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How Do You Prepare YOURSELF for Your Next Presentation? Five Simple Steps to Stay Calm and Focused

In the last Newsletter, I offered three simple preparation steps to be on target for your next presentation.Today's discussion is all about calming your nerves before your next presentation because, let's face it, we all get nervous, even the pros.

I once worked with a woman who said she gets nervous because she knows everyone is looking at her.My advice to her was to say to herself, "and I'm looking right back at you!"In fact, that's the real issue isn't it? We get so concerned about what other people will say or think about us that our focus is inward versus outward where it belongs.Here are five simple steps to help you stay calm and focused on your audience.

Step One: Be aware of your self-talk.Did you know the average person speaks out loud approximately 125 words per minute yet has an internal conversation of about 625 words per minute?That simply means we have plenty of time to talk ourselves in or out of being nervous."I'll never get through this", is not helpful self-talk.In fact, if you say that often enough it will come true.On the other hand if you were to say to yourself, "This audience wants me to succeed because they need this information", your nervous energy will be transformed into excitement as you share your valuable content.

Step Two: Smile and Open Your Eyes.Whenever a workshop participant views his/her video recording they usually comment on how they looked so serious.We think we're smiling when in front of groups but usually we're concentrating on what we're going to say and that makes us look serious.I suggest that you stand in front of a mirror (or camera) and rehearse your presentation out loud.Smile!Raise your eyebrows!That friendly open-eyed look will signal to the audience you're engaged and excited.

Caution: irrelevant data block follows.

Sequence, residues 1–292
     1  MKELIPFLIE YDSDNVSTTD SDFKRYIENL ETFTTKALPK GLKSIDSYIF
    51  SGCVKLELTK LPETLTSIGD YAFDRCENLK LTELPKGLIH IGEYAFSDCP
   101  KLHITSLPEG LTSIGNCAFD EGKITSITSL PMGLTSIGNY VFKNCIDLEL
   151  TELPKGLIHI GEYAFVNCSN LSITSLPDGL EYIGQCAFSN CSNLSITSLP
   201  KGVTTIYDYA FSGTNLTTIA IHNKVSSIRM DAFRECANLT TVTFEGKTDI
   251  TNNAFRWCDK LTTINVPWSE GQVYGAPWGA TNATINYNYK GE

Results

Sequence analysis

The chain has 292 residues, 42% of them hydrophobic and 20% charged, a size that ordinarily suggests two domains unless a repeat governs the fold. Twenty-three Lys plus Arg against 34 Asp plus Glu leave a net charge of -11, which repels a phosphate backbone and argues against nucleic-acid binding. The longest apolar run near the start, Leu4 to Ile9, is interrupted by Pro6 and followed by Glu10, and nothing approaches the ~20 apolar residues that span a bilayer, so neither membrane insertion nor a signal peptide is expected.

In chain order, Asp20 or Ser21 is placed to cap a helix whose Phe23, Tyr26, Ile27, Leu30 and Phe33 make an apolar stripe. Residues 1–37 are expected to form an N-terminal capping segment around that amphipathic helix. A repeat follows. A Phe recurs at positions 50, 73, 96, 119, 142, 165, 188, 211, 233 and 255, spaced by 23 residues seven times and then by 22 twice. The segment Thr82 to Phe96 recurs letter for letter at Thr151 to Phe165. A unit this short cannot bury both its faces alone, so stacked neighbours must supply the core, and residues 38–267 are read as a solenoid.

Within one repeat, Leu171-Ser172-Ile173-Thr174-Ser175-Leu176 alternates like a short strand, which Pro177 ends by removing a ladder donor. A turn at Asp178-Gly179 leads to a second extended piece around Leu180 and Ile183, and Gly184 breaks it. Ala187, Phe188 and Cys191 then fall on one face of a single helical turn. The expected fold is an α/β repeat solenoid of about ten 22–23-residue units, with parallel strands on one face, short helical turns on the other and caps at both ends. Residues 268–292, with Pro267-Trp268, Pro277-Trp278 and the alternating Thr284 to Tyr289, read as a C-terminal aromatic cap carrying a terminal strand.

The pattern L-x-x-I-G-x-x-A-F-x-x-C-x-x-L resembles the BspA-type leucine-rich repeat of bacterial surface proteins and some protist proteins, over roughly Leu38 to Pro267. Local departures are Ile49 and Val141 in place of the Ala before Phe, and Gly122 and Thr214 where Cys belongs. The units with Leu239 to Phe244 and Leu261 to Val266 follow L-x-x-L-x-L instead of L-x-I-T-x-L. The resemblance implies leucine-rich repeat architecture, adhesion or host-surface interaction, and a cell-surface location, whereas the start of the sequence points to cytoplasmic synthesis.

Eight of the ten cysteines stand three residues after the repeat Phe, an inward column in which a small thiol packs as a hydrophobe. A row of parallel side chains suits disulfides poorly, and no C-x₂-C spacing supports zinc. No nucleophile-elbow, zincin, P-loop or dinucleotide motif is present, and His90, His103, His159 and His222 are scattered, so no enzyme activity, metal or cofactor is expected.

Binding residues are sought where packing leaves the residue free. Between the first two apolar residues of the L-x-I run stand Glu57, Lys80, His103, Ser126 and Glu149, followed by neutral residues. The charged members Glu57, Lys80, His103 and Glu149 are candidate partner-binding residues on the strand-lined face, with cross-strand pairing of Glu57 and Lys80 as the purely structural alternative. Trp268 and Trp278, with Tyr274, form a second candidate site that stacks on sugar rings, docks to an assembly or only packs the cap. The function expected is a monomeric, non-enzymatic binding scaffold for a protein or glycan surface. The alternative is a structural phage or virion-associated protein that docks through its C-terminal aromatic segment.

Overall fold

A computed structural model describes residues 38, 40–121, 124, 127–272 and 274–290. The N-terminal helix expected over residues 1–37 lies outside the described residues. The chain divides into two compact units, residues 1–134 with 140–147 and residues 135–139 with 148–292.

Step Three: Picture Success.Habit 2 of Steven Covey'sSeven Habits of Highly Effective People said:"Begin with the end in mind".Remember back to a successful presentation you've made and revisit those feelings of accomplishment.Listen again to the applause and the laughter.Imagine yourselfclosing the presentation with a strong core message and the audience eagerly asking questions to learn more about your topic.As you take center stage in your next presentation, step into that circle of success and enjoy.

Step Four: Launch with confidence. I heard a coaching client say to me, "Once I get going, I'm fine.I struggle in those first five minutes".Have you noticed how long it takes to leave a first impression?It's a lot less than five minutes.In fact, Roger Ailes, Television Program Creator said, "Seven seconds is all that people need to start making up their minds about you."You need to make the most out of those first seven seconds.Before you launch, take a breath, smile, say "Good Morning", pause, look around the room and connect with someone's eyes. It also helps to have your opening two minutes down pat.

Step Five: Don't drink caffeine.I know, this is the last thing you want to hear but believe me, your nervous energy will replace any energy a cup of tea or coffee will provide.All caffeine does is exaggerate the very symptoms of nervousness you're trying to eliminate with the above steps.It makes your hands shake, your heart pound, and your body language jerky. Instead, have a room temperature glass of water handy if you need it.

Bonus Step: Don't announce you're nervous.While you may think this admission will endear you to the audience, all they will do is watch for proof that you are nervous rather than listen to your presentation.Keep your nervousness a secret and you just might fool yourself into being calm. Remember, you never look as nervous as you feel.

If you take these five tips to heart, as my dad used to say, "You will be calm, cool and collected."

Please contact Red Cup Presentations to learn more about how to create clear, concise and compelling presentations that move your audiences to action.

Next time'How Do You Open Your Presentations?


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